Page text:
As with many needs that appear suddenly, the first solutions were made in Excel, but soon special software came on the market, such as Appointy. This is a product designed as a response to pandemic, but actually, there have been similar products even before. For example, software that coworking spaces used to manage the occupancy of meeting rooms.
Distance-conscious space planning
Making an office truly “socially distant” requires certain changes made to the space design: the tables rearranged so that people are not sitting too closely to each other, corridors and stairs made one-way, seats in common spaces placed in distance one from another. Distance-conscious space design requires detecting the spaces that gather groups of people and finding ways to make them less crowded.
Indoor mapping solutions like SpaceIQ offer a set of tools for pandemic-conscious facility management.
Controlling the number of people goes from a simple decrease in the number of workers in the office by 30% or 50% percent to the installation of sensors that detect those entering and signaling when there are too many people.
Small interventions in space as reminders
Warning signs are a simple way of keeping people conscious of safety measures. Instead of moving all the furniture around the office, you may just place stickers on tables, marking the places that should remain free, put signs that the use of the kitchen is limited, or hang the reminders to wear masks in common areas.
These measures will have an effect if the employees are conscious of social distancing. When these simple methods don’t work, you have to go for different safety-providing tools.
Wearables tracking distance between workers
Just like the first anti-contagion apps that kept track of all close contacts, similar solutions can be used in offices. For example, Docoyo offers bracelets that vibrate when employees get too close to each other. When a positive case is detected, this app will show all people who have a risk of contagion.
Tailored office management software
Smart planning of office safety depends on many variables: office space, ventilation system, health condition of the employees, number of people in risk groups, and so on. There are some solutions that send regular questionnaires to employees asking how they feel.
Tracking health condition of the workers allows employers to warn people who were in contact with an infected person, but they won’t do anything with those who have the virus without any symptoms. What is more, obliging employees to share information about their health condition is illegal. Thus, this system is only possible when all workers agree to share their health data voluntarily.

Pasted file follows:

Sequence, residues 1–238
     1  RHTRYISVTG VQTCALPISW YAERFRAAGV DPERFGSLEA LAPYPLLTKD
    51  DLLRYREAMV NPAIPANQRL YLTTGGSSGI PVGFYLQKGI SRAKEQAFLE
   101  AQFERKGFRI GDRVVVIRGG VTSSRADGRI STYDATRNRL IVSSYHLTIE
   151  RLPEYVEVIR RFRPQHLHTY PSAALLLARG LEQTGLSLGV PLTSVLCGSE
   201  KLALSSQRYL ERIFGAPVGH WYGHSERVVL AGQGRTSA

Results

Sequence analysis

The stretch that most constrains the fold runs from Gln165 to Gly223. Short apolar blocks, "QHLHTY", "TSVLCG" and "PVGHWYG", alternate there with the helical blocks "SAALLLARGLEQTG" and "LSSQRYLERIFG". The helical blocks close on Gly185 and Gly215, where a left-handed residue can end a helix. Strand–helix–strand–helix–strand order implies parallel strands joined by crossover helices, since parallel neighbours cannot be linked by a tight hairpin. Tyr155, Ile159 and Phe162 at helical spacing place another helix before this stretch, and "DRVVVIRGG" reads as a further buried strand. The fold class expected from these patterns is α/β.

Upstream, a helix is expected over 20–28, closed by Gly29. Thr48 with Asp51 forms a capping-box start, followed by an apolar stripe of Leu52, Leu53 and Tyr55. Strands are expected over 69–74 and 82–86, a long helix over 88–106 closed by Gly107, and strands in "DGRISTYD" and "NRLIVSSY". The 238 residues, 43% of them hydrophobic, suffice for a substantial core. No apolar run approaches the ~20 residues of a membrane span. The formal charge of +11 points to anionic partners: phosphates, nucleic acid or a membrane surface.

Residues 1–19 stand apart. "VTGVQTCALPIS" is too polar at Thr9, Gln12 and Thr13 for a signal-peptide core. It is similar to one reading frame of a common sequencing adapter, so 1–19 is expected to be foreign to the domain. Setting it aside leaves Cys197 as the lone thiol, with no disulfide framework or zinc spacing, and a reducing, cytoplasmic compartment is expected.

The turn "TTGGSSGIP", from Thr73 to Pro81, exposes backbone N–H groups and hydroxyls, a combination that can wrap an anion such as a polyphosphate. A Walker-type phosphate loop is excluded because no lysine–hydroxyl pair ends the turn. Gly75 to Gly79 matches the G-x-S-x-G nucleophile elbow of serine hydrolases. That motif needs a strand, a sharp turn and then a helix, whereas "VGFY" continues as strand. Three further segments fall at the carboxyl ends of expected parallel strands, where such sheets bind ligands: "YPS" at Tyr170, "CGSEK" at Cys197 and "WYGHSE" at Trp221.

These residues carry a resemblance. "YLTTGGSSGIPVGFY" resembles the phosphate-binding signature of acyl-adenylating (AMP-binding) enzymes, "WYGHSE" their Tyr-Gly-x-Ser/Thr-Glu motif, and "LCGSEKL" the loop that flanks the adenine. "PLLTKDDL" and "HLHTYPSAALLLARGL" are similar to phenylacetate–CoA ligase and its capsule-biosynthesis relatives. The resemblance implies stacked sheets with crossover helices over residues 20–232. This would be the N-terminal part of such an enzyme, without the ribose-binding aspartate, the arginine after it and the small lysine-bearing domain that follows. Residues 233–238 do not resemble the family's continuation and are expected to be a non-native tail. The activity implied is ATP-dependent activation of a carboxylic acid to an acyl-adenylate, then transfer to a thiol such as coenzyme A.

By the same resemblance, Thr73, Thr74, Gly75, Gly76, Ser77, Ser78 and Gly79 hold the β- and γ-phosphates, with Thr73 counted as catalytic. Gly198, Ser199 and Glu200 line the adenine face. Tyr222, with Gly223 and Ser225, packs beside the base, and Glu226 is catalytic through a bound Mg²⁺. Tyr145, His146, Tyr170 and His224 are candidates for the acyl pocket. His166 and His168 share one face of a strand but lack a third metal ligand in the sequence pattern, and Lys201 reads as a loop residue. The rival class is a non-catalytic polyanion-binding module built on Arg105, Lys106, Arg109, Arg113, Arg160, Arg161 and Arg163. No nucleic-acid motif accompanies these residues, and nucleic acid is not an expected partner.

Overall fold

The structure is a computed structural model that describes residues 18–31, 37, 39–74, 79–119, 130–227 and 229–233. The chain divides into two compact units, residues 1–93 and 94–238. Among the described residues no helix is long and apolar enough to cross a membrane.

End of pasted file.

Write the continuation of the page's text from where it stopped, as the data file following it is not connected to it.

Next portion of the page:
This is just a part of the ideas that we’ve had while brainstorming on the MVP for Haven diagnostics, a product that helps people to get back to post-pandemic offices safely. Haven started with making custom plans for “going back to normal” for big companies, and at some point decided to automatize their work.
All those brilliant ideas, however, created additional challenges that made them hard to implement for most companies. For example, having a list of employees with data about their positive Covid test results or vaccination is not feasible due to privacy protection. So, we decided to make a dashboard with a list of all the employees (no names, only corporate ID numbers) with the data that shows those who are at higher risk.
This depersonalized data combined with the information about current contagion rates in the state, where the office is located, allows the software to give recommendations regarding office occupancy.
As we could not use the sensors and other hardware technologies, we decided to use the unique expertise of Haven and offer clients something different from other offers on the market: by applying math models that are used by healthcare professionals, the software can give not only an analysis of current situation and advice on improving it, but also a projection of the future contagion rate. On the dashboard, each office would highlight in yellow or red when the projection is alarming. All the models are visualized in graphs.
During interviews with clients, we have discovered another problem that they are facing: the companies that have offices in different states find it hard to follow everchanging confusing restrictions imposed by each state. To simplify this process for the users, Haven automatically analyses the current situation in each office and its compliance with relevant state regulations.
Is social distancing there to stay? Or will we have to move the furniture in a new direction next year? Pandemic trends appeared to be more lasting than we initially expected. Offices have to adjust to the new reality, and the tech is responding fast.
Want to learn more about healthtech? Then you're welcome to read our article Healthcare UX: How Design Can Solve Biggest Challenges for Patients, Clinicians, and Institutions.